The Telegraph
Since 1st March, 1999
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Patent win keeps India pharmacy of the poor
- A giant tiptoes in, another trips

New Delhi, Aug. 6: A woman — a mother of three — from Jaipur fighting a type of blood cancer, a 40-year-old HIV infected man in Delhi, and thousands of patients like them in India and elsewhere may have received a lifeline from a Chennai court.

Madras High Court today dismissed a petition by international pharmaceutical giant Novartis, challenging a section of the Indian patent law. Doctors and health activists have welcomed the judgment, saying it will protect India’s role as the pharmacy of the developing world.

Novartis had challenged Section 3(d) of the Indian Patents Act, which patients’ groups and health organisations regard as a safeguard to prevent patents on questionable innovation such as new uses, new forms and new combinations of known drugs or molecules. It had argued that Section 3(d) was vague and contrary to India’s obligations under an international trade pact.

Madras High Court today held that 3(d) was not vague and ruled that the court was not the proper forum to decide whether Indian patent law was compliant with the international trade agreement.

The ruling has evoked jubilant responses from patients’ groups, health activists and doctors. “This is a huge relief for millions of patients and doctors in developing countries who depend on affordable medicines from India,” said Tido von Schoen-Angerer, director of the Medicins Sans Frontieres (MSF) Campaign for Access to Essential Medicines.

“I’m very happy and excited,” said Loon Gangte, president of the Delhi Network of Positive People. “HIV-positive people in India and abroad will be able to live longer,” he told The Telegraph .

Many international organisations rely on Indian generic drugs. Nearly 84 per cent of drugs that MSF provides to prolong the lives of some 100,000 HIV-infected patients in developing countries come from Indian generic companies.

Health activists had feared that the removal of 3(d) would have facilitated patents on minor innovations — new forms, new combinations and new uses of known drugs — and hindered manufacture of inexpensive generic versions of such compounds.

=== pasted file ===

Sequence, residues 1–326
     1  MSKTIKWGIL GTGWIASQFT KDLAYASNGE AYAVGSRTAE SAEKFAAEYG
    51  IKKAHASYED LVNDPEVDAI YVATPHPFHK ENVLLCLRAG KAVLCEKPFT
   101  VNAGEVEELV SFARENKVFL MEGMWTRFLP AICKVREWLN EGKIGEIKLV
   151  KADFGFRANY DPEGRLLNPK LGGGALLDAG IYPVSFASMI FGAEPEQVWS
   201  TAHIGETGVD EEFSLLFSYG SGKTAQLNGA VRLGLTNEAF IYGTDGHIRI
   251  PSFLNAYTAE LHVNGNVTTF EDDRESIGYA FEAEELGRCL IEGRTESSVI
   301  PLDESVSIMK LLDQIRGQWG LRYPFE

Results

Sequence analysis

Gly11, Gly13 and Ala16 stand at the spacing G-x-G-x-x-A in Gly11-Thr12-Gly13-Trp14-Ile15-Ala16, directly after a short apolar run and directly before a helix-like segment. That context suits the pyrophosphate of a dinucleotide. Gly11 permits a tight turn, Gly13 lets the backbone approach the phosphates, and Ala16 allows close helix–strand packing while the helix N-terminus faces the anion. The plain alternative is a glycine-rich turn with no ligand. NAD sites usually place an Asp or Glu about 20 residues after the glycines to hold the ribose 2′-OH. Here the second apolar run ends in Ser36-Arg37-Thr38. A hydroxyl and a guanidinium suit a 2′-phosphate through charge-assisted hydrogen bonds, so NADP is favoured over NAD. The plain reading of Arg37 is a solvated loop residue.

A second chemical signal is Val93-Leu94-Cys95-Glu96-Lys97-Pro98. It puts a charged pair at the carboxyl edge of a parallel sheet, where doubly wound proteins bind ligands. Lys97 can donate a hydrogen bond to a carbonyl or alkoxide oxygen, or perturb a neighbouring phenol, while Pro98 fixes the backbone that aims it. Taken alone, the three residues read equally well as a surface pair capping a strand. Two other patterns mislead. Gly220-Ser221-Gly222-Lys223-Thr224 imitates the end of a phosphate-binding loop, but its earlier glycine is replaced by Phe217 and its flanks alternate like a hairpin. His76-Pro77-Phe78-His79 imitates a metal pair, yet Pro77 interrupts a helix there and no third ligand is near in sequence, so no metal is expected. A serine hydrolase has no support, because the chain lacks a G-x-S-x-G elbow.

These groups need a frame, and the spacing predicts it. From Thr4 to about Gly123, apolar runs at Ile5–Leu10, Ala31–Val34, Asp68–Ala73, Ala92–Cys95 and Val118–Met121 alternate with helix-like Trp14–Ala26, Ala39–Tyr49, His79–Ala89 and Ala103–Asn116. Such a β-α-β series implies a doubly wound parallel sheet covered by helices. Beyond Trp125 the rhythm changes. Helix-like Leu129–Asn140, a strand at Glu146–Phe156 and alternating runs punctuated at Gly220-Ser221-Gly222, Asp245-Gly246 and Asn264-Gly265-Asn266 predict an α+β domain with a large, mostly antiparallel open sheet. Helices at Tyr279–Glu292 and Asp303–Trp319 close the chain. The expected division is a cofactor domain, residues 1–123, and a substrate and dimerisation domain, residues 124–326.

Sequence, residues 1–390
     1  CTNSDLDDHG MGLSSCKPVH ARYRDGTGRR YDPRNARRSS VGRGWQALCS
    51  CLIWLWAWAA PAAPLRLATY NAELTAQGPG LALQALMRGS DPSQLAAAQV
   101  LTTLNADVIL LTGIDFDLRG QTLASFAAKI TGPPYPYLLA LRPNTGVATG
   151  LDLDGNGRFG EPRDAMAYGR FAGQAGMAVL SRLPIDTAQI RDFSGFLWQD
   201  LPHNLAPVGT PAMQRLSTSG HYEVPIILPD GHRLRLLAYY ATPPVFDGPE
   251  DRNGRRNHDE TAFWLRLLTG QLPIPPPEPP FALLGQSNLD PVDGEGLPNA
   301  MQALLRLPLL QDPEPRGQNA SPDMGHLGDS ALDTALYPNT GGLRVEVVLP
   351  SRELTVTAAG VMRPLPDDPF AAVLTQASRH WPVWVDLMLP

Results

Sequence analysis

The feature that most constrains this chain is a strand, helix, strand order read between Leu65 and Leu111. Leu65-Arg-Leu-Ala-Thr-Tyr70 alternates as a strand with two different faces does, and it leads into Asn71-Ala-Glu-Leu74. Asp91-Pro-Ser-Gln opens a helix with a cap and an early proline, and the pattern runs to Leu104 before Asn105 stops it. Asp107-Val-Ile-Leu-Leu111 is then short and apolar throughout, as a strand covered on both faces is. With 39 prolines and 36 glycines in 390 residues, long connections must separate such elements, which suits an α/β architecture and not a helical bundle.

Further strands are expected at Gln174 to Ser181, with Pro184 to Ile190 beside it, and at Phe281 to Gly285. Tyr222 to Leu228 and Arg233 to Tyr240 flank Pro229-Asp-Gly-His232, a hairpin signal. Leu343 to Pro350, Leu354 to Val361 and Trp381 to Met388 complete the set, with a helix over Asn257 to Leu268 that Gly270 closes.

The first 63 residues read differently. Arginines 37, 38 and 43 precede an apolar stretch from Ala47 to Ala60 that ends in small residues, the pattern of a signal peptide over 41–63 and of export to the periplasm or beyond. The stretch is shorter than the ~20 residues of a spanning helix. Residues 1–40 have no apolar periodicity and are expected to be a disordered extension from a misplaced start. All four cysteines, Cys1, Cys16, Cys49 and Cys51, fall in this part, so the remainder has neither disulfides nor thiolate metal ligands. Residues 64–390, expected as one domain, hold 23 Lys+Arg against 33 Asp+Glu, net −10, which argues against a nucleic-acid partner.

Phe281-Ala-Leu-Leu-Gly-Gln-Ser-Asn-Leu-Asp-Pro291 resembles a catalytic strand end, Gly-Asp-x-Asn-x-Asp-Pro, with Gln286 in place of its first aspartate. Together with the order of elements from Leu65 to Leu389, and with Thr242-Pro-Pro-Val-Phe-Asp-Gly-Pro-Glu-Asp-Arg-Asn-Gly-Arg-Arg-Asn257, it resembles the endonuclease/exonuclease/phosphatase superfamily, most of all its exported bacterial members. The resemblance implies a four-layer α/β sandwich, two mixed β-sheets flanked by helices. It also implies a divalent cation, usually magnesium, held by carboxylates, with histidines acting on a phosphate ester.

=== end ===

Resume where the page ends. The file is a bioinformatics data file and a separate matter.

The case was centred on Novartis’s product Glivec, used to treat chronic myeloid leukemia (CML), a type of blood cancer. India’s patent office had rejected a patent application on Glivec on the ground that it was a new form of a known molecule.

Novartis India has said the court ruling will have “long-term negative consequences” for research and development in better medicines for patients in India and abroad. The company’s appeal on Glivec remains pending with an intellectual property appellate board still reviewing the issue.

“We disagree with this ruling, however, we likely will not appeal to the Supreme Court,” said Ranjit Shahani, Novartis India managing director. “Our actions advanced this essential debate ... now local and international leaders, both in industry and academia, recognise the inadequacies of Section 3(d),” he said.

But many physicians believe 3(d) will help patients.

“This judgment is undoubtedly a relief,” said Purvish Parikh, a senior doctor at the Tata Memorial Hospital in Mumbai, who is treating the woman with CML from Jaipur. She spends about Rs 8,000 a month on a generic form of Glivec. The patented version costs Rs 120,000 a month.

Like hundreds of other patients under Parikh’s care, she is unlikely to have survived long without the generic form. “She’s now looking forward to seeing her eldest daughter get married,” Parikh said.

Doctors estimate that some 20,000 new patients are diagnosed with CML in India each year. Novartis has said it is providing Glivec free of charge to more than 7,500 patients under a special programme to help people who cannot afford the drug.

“This victory will help prolong the lives of tens of thousands of people living with HIV around the world,” said Leena Menghaney, a lawyer now working with MSF India’s Campaign for Access to Essential Medicines.

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